“So when are YOU two gonna have kids?”
“Ummm, I dreamed of fish last night, girl, your turn is right around the corner.”
These are common conversations, right? And what are the usual responses?
“Oh, we’re waiting on our careers to stabilize.”
“Hey, you never know.”
“You know, we’re just enjoying being by ourselves right now, a baby would really get in the way of what we’re trying to do.”
When in fact,
“A recent report from the Coronary Artery Risk Development in Young Adults (CARDIA) study indicates that among non–surgically sterile women, African American women had a twofold increase in odds of reporting a history of infertility. Financial barriers limit access to diagnosis, evaluation, and treatment and may lead to selectively underestimating the frequency of infertility in the same population groups.”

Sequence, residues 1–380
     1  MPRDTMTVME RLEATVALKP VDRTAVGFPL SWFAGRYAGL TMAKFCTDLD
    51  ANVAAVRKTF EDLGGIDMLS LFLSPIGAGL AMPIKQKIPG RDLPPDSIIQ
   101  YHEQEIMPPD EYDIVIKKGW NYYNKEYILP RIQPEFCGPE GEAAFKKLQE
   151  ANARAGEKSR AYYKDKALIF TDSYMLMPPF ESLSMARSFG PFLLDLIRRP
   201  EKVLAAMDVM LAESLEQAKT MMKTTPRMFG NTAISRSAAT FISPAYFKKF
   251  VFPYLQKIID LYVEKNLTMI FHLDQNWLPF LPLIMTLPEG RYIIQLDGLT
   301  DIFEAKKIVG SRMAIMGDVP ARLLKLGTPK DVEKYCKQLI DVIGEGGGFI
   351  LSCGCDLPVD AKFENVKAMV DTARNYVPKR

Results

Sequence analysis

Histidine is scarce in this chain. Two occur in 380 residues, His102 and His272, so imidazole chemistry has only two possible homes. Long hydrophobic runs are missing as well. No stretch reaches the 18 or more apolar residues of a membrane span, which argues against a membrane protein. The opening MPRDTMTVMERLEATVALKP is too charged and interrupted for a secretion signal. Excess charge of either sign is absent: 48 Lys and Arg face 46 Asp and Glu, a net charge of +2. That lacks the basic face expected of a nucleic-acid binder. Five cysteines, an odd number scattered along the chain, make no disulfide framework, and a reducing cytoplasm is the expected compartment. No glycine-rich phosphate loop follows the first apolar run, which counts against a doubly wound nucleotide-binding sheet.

Check out these statistics found on the Families of Color Initiative site:
6.2 million women between the ages of 15 and 44 are diagnosed as being infertile.
40% of infertility is caused by female factor, 40% is caused by male factor, and 20% is caused by a joint male and female factor.
Only one third of women of African descent who face this issue seek treatment.
The African American community has never been vocal on health issues the way that other communities are, and infertility is one major area where we are lacking exposure. Going past the choice not to conceive, and trying to get some more dialogue about the other end of the spectrum. I grew up and found out that out of my aunts and cousins, many of the ones I thought CHOSE to have one child or no children, were GIVEN that choice by thyroid, PCOS, Fibroids, or Secondary Infertility. We have to stop being quiet because a LOT of little black girls grow up trying NOT to get pregnant without ever knowing that they’re going to need help TO get pregnant.